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Monday, January 28, 2008

Wisconsin's Virtual Schools Saved... For Now

That was the title of an article posted in one of the NACOL forums yesterday. The article read:
Wisconsin's virtual schools saved ... for now
School officials testifying at hearings made a difference.

Todd Beckmann
Sentinel News Editor

It was good news when Grantsburg Superintendent Joni Burgin picked up the phone Monday afternoon.

"Senator Luther Olsen, on the Senate Education Committee, called me on Monday and told me he and Senator Lehman had reached a compromise on the Senate Bill in the Senate Education Committee," Burgin said.

Earlier this month the Wisconsin Legislature set out to "fix" the statute regarding virtual schools after a Wisconsin Court of Appeals decision last December put the future of all virtual schools in doubt.

The court ruling explained the existing statutes didn't fit what the Northern Ozaukee School District did when they opened their virtual school - the Wisconsin Virtual Academy.

The so-called Lehman Bill, as proposed by Sen. John Lehman in the Senate Education Committee to fix the statute, was, in Burgin's words, a bill "for people who don't like virtual school."

The Lehman Bill is one which Burgin testified against during a hearing last week in Madison.

Insight School of Wisconsin principal Billy Beesley was a member of the Grantsburg contingent who went to Madison to oppose the Lehman Bill. Beesley and about 12 students had hoped to meet with the Governor to discuss the virtues of on-line schooling, but didn't get the chance.

While in the capital, Burgin also testified in favor of the Davis Bill.

The Davis Bill, the counterpart to the Lehman Bill, was in a hearing before author Sen. Brett Davis and the rest of the Assembly Education Committee.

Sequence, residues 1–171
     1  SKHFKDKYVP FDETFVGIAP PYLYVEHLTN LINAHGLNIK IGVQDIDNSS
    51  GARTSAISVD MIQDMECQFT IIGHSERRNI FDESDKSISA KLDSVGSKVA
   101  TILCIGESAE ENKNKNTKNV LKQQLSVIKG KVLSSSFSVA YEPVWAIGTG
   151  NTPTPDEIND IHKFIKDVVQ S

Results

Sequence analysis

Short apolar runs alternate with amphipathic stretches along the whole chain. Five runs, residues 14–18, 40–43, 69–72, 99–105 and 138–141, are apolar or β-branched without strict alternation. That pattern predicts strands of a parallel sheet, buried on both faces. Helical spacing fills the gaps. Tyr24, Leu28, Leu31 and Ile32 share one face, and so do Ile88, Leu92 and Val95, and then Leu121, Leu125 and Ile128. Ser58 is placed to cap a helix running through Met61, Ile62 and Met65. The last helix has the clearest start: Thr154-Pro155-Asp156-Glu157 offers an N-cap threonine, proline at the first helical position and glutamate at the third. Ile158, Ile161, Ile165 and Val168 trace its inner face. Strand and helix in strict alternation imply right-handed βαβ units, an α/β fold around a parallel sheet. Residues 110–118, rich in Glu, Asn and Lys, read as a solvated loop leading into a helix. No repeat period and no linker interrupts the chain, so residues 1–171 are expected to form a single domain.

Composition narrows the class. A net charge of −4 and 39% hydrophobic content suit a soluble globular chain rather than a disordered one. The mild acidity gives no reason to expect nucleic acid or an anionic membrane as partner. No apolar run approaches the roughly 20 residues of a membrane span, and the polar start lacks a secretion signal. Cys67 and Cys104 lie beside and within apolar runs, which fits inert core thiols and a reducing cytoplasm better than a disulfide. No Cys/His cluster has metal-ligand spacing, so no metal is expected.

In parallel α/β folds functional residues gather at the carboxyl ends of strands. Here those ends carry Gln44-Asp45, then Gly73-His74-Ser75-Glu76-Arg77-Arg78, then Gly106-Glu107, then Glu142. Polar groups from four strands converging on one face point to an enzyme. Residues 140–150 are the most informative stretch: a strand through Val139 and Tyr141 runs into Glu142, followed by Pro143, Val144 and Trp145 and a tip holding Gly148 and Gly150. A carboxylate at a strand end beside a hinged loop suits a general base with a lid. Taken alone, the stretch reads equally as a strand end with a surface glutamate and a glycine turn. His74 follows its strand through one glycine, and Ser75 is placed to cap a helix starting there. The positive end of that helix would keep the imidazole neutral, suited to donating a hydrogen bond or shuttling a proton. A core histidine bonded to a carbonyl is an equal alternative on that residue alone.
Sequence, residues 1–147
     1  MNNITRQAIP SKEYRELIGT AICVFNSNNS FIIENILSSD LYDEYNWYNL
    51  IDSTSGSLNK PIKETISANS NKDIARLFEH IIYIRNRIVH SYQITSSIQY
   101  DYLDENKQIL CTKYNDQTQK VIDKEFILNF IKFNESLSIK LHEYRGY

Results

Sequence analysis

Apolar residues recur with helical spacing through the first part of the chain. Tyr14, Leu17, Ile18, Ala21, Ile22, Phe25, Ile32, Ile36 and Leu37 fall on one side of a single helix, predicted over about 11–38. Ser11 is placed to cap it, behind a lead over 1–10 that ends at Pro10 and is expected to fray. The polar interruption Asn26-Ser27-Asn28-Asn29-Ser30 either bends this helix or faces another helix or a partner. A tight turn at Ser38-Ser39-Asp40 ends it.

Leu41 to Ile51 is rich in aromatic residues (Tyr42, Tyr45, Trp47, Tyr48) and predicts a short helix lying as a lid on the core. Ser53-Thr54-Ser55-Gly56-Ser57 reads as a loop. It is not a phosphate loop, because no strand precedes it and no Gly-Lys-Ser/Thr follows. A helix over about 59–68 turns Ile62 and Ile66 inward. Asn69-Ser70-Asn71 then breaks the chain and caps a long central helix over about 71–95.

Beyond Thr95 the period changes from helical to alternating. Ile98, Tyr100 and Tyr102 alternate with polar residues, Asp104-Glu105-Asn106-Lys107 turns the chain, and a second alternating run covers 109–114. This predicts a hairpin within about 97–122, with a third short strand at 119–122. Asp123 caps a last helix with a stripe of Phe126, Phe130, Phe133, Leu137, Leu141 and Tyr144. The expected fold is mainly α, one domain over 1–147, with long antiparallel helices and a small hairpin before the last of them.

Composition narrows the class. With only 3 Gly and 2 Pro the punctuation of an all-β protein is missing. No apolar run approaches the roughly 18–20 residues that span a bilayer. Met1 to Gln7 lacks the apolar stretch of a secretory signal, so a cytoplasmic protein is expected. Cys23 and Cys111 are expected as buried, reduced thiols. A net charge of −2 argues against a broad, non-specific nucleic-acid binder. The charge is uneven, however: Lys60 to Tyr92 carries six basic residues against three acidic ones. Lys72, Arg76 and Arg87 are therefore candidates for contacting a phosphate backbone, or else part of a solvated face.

The Davis Bill, a minimalist bill, just fixes the statutes to allow successful virtual schools to continue.

"I think the legislators really listened to what we had to say," Burgin said of the hearings. "Senators Lehman and Olsen met on Friday and crafted a new bill."

"I think we can all live with what they have come up with," she continued.

Beesley agreed.

We were doing things differently than the school which was sued, but I think this new bill will strengthen everybody," he said.

Olsen also told Burgin on Monday the compromise bill has the support of Sen. Davis.

"There is now a bi-partisan virtual school bill that will correct the outdated statutes and allow us to continue to operate our virtual schools. It does provide regulations but maintains funding and removed the 15 percent local attendance requirement," Burgin pointed out.

The 15 percent requirement called for that percentage of any virtual school's enrollment to be local - a restriction which would have seriously jeopardized Grantsburg's Insight School of Wisconsin.

"If all goes according to Senator Olsen's timeline, and the Governor supports the effort, the matter should be resolved by mid-February," Burgin concluded.
Now you'll notice in the article, they mention two pieces of legislation.
  1. Lehman Bill - http://www.legis.state.wi.us/2007/data/SB-396.pdf
  2. Davis Bill - http://www.legis.state.wi.us/2007/data/AB-697.pdf
So, what do these two bills actually say. [note: I've been meaning to spend some time reading both and comparing them. But I originally wrote this entry four days ago and have been sitting on it waiting to get some time to complete this so I figured today I would just post it and do the bill comparison next week sometime when I get a free moment. - MKB]